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The Hi-Tec Rocks

Ratings:
590 pages9 hours

Summary

Despite that rock & roll has completely dominated world culture for over 50 years, there has never been that one definitive novel, one that fully encompasses this global juggernaut. What would happen if the best band from 2012, along with all its vast musical influences over the decades, its name, fashions, politics and technologies, were immersed into the most famous year in the history of Rock? (According to Rolling Stone Magazine and MTV, that would be 1969)

Ann Turner was a teenage musical genius. Loudly touted as the next Steve Winwood, at 17 she begins playing in her brother's band. Their debut at London's Round House Theater is highly anticipated. However, the fragile musician is also an agoraphobic, and freezes up before ever taking the stage. A cruel British Press has a laugh frenzy at her expense. Her public humiliation drives the reeling girl off to America, where she joins her father in Los Angeles. He has taken his new musical equipment company called "Turner Systems," off to The States at the insistence of his American financial backer. The company's new innovations include a bevy of synthesizers and the first power systems containing transistors and integrated circuits, instead of tubes. There, on a Southern California beach, Ann meets a young American musician named Tommy Collins. In his presence she has no fear, and the two quickly become perfect band mates, and devoted partners.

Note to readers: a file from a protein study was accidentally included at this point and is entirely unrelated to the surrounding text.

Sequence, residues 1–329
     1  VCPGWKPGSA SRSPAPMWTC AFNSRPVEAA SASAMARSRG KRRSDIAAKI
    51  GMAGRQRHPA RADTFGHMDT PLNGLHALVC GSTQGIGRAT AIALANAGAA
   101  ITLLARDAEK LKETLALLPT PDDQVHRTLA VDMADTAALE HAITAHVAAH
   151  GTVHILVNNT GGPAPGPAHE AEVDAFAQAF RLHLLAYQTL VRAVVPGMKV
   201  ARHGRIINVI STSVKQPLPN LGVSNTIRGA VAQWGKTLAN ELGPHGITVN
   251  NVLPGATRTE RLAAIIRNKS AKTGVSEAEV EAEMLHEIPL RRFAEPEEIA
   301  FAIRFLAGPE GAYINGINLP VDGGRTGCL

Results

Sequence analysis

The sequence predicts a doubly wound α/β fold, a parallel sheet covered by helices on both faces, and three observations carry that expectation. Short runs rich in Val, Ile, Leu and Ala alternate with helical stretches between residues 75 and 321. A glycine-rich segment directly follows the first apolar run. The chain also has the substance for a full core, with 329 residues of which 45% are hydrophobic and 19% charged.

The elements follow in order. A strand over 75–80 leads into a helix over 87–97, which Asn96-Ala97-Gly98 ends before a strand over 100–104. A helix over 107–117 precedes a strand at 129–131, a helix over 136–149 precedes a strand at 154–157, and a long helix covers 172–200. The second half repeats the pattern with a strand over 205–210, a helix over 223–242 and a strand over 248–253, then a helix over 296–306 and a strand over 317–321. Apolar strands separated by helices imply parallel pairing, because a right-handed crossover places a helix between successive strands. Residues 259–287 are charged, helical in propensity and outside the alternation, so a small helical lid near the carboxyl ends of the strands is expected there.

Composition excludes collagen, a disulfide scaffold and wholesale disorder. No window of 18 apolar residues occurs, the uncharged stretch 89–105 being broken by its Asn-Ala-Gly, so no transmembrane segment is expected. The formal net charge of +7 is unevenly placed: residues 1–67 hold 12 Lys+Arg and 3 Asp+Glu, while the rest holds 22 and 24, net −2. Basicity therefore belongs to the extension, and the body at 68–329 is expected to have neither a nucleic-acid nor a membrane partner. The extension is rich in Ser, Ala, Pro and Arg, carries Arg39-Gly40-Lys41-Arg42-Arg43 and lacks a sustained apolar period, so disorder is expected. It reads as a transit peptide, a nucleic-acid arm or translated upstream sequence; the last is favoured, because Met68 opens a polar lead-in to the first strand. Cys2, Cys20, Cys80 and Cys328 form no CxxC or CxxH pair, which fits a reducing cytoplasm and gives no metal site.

As their potential grows, they are rejoined by Ann's brother Mark, along with Trevor McDuffy, the big Scottish drummer who played with them in England. As the house band at The Whiskey a go-go, the foursome electrifies the Sunset Strip, launching their 'Roll n' 'Club scene across America, and beyond. Back in England, their exploits began to generate an equal amount of excitement. But Ann has no intention of ever returning to the place of her infamous collapse. By the time she finally agrees, The Hi-Tec Rocks are a world-wide event – And Ann, the band's undisputed leader, is also its trendsetting musical icon. Her triumphant return to the U.K becomes the most highly anticipated events in years. But if she resisted returning to her homeland because of the cruelty of the tabloids before she left, she finds out the hard way, that in their place, the most vile of all creatures had set himself up in London. And unfortunately (for England) things were about to become much, much worse.

In 1969, Rupert Murdoch buys The Sun and the News of the World. Referred only as "The Australian," he decides to use the most popular girl in England to launch his tabloids looming slash and burn policies, and to prove his point – that anyone, no matter how beloved, can be brought to their knees. He initiates a contest between the two papers to see who can get Ann Turner first. In accordance, every deplorable tactic ever conceived is used to try and please the new kingmaker. And it would directly result in one of the most profoundly relevant endings of any book in recent memory.

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